While travelling to Sri Lanka, Mahindra had stayed over at Sanchi to meet his mother Devi. Later, the sapling of Bodhi tree, which he had carried with him was planted at Mahamegha Uyana, the royal park to the south of the city of Anuradhapura in Sri Lanka sometime around 244 BCE. This tree exists even now and is considered as the most sacred tree in the world. In spite of having this tree in their own country, Singhalese monks still wanted and continued to worship the original Bodhi tree in India. Later during rule of Samudragupta (Grandson of Emperor Asoka). King of Sri Lanka Kittisirimegha, erected a Sangharama or a Vihara with the permission of King Samudragupta. The present Mahabodhi temple at Bodh Gaya has been built at the site of this Vihara.
When the original Bodhi tree in India was destroyed, a sapling of the Bodhi tree in Sri Lanka was brought back to India and planted at Bodh Gaya. It is this tree that visitors see here today. Famed Chinese traveller XuenZang had visited Bodh Gaya sometime in the year 637 CE. He describes this Vihara as,
“ Outside the northern gate of the wall of the Bodhi tree is the Mahabodhi sangharama. It was built by a former king of Sinhhala (Sri Lanka) This edifice has six halls, with towers of observation (temple towers) of three storeys; it is surrounded by a wall of defence thirty or forty feet high. The utmost skill of the artist has been employed; the ornamentation is in the richest colours (red and blue). The statue of Buddha is cast of gold and silver, decorated with gems and precious stones. The stupas are high and large in proportion, and beautifully ornamented ; they contain relics of Buddha. The priests of this convent are more than 1000 men; they study the Great Vehicle and belong to the Sthavira school. They carefully observe the Dharma Vinaya, and their conduct is pure and correct.”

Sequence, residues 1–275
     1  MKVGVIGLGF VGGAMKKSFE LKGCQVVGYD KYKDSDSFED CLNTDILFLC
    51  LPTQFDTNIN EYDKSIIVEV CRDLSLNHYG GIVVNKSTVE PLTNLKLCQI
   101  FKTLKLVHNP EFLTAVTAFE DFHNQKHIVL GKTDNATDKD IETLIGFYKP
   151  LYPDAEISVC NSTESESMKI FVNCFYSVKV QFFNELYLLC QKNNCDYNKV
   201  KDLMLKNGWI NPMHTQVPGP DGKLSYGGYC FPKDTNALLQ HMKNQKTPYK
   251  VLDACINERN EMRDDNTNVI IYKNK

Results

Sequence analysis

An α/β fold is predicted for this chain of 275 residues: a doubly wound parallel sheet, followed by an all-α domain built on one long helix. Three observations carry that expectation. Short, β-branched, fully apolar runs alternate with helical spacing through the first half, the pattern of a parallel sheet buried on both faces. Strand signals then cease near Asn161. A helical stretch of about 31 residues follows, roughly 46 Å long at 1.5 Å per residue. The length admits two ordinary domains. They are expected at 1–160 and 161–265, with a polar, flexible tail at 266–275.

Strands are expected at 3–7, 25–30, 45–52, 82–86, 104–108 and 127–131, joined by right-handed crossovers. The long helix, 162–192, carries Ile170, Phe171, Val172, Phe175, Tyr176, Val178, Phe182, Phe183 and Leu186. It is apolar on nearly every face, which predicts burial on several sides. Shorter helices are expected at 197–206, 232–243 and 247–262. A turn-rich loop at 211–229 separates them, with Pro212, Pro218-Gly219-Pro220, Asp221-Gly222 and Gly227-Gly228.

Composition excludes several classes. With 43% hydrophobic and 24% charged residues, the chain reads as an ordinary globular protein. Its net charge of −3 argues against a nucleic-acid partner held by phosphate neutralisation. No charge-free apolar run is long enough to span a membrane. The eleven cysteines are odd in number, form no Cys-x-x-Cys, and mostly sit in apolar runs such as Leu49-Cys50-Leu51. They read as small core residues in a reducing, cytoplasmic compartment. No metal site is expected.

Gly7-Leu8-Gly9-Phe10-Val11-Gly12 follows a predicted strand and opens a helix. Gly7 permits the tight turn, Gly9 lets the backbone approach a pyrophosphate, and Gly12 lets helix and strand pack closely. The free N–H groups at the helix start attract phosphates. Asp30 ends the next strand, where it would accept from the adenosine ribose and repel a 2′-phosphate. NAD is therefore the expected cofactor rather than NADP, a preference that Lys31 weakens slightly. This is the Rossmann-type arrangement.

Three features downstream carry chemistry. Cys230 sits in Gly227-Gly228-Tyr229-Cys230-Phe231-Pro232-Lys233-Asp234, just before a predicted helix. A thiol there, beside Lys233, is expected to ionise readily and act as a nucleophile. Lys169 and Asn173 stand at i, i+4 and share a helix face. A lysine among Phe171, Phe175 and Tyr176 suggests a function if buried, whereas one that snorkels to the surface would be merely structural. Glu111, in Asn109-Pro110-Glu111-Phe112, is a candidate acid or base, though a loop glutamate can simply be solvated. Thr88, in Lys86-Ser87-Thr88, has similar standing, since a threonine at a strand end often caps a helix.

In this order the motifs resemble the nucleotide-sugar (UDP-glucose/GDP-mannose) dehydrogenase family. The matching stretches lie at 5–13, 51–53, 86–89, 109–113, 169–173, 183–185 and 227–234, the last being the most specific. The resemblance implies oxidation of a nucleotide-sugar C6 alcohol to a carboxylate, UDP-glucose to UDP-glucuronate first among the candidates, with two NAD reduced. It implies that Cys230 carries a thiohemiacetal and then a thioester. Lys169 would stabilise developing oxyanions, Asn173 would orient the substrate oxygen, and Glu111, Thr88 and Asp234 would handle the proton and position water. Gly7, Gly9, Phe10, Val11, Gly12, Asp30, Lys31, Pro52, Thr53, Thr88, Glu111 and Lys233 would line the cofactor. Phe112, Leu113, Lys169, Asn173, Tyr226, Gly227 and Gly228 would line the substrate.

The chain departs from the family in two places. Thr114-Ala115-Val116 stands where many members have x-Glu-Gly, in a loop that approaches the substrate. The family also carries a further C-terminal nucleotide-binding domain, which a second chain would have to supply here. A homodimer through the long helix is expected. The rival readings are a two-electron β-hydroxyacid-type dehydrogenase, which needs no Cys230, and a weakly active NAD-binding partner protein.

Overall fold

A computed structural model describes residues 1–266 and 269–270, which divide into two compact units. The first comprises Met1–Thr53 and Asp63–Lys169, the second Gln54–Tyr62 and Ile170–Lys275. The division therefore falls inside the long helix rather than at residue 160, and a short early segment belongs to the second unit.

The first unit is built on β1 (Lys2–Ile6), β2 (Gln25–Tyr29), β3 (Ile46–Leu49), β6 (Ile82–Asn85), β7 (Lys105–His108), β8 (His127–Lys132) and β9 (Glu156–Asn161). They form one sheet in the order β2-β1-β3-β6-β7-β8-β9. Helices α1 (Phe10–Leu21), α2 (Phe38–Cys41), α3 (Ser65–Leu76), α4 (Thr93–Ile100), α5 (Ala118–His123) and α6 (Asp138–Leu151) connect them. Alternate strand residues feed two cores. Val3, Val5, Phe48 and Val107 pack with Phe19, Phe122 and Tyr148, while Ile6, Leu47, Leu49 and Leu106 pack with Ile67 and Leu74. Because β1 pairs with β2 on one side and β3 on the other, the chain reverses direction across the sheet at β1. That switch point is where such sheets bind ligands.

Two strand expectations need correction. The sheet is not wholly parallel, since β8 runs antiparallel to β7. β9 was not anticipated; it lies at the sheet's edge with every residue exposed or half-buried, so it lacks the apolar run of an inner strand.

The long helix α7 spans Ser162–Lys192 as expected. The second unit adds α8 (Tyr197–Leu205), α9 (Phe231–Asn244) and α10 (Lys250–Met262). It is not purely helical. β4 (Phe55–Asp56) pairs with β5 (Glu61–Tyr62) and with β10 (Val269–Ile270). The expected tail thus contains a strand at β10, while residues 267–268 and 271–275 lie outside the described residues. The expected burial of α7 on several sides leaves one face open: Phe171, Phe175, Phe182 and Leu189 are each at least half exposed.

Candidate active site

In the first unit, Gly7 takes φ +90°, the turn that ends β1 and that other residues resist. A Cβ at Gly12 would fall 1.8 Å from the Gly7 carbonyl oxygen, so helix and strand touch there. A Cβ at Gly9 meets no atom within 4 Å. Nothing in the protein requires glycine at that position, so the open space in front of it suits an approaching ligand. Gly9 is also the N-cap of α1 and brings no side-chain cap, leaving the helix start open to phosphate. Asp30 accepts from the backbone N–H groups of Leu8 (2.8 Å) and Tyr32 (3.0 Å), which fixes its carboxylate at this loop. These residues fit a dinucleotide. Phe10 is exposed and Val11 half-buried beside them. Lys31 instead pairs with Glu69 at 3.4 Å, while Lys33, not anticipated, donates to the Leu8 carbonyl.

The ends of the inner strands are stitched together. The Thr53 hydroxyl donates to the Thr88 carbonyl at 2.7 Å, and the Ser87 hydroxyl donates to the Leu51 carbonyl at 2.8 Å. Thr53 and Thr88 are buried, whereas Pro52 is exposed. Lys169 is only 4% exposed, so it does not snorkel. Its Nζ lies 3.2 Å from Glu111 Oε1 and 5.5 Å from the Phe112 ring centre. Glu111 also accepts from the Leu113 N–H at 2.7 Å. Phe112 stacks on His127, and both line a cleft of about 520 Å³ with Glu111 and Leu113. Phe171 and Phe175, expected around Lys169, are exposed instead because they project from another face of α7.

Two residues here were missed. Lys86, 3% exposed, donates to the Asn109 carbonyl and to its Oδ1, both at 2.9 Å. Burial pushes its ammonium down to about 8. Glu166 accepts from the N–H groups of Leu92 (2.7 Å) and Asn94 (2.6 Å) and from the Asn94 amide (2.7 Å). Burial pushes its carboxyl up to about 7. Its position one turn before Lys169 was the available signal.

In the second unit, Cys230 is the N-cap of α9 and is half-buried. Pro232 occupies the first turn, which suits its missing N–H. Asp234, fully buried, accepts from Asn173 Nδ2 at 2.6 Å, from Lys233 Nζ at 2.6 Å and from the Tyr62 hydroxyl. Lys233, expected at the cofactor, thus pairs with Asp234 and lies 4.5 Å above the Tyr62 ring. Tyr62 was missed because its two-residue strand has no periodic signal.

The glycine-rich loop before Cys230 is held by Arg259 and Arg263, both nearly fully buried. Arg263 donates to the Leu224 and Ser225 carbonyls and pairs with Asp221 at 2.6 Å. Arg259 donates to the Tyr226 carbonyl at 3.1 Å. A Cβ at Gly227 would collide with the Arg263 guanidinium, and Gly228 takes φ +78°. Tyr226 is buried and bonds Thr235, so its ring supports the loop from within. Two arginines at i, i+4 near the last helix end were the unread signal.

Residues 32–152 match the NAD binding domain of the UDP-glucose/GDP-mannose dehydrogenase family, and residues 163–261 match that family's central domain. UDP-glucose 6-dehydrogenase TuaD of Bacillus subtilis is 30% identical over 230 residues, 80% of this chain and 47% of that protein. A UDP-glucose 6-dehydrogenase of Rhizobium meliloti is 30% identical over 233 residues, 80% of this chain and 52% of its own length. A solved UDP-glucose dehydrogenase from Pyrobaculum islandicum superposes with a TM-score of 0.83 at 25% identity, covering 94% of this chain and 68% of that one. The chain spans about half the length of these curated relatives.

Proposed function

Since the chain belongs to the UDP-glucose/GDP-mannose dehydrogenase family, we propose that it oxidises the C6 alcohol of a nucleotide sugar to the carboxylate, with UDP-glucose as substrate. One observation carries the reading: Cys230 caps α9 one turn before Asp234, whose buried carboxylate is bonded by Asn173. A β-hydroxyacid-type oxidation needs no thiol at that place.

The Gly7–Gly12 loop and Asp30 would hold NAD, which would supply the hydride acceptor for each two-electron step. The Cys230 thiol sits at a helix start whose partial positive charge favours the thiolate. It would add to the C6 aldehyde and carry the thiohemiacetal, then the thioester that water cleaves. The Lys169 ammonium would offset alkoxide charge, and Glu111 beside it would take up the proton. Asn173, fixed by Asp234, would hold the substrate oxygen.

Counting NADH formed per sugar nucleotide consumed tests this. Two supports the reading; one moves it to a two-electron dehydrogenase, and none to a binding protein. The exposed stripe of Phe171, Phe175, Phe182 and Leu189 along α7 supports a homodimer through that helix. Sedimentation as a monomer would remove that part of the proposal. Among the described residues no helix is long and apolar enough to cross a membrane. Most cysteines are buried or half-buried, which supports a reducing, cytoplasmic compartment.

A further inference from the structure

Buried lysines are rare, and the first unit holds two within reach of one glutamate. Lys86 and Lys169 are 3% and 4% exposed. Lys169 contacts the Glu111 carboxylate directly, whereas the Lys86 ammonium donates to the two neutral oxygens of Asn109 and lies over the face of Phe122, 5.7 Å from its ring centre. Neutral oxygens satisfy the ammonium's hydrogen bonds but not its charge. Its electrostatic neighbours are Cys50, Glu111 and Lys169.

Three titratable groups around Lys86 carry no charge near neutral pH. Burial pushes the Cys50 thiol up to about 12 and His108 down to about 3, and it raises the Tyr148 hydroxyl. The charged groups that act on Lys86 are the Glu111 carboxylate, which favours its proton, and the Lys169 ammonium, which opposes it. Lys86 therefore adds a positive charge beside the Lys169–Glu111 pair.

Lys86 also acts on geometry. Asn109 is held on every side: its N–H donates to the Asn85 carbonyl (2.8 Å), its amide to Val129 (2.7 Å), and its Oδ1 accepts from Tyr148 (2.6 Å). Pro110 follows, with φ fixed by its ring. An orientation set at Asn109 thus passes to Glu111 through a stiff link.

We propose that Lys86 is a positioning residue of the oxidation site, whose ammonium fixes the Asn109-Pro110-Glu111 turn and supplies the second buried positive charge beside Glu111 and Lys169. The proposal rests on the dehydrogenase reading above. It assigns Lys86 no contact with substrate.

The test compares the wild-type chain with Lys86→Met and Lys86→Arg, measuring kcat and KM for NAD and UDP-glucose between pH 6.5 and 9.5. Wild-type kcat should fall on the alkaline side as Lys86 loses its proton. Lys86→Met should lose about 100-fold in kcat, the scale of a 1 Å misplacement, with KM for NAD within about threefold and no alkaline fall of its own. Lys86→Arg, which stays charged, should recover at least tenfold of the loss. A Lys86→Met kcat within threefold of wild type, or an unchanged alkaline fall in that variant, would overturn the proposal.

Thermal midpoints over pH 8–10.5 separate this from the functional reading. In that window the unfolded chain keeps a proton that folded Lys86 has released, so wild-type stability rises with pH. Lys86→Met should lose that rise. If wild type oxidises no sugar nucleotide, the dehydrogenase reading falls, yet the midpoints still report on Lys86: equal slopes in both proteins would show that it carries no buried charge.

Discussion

I have indulged freely in all this ancient history of India for a special reason. The present Sri Lankan President Mahinda Rajapaksa, who is on a personal visit to India, returned a slice of the history back to India, this week, when he planted a sapling of the Bodhi tree, from Mahamegha Uyana, the royal park to the south of the city of Anuradhapura in Sri Lanka, in Sanchi, India. This is the tree, that has grown out of the sapling taken by Emperor Asoka’s son and daughter to Shri Lanka.
This sapling was planted at Sanchi in Madhya Pradesh state of India, where the great stupa from the times of Emperor Asoka, still stands. Sanchi was the place from where Emperor Asoka’s son and daughter had commenced their journey to Sri Lanka and it is in fitness of the things that the sapling of the tree which was carried out of Sanchi in 244 BCE is brought back there again after two millennia.
The sapling was planted at the foundation venue of a proposed university in Sanchi, which will take shape over 100 acres, at a cost of Rs 300 crore and promises to follow higher education patterned in classical ancient Indian universities like Takshashila and Nalanda.
From Sanchi to Sri Lanka and back to sanchi; the most sacred tree in the world has now completed its return trip.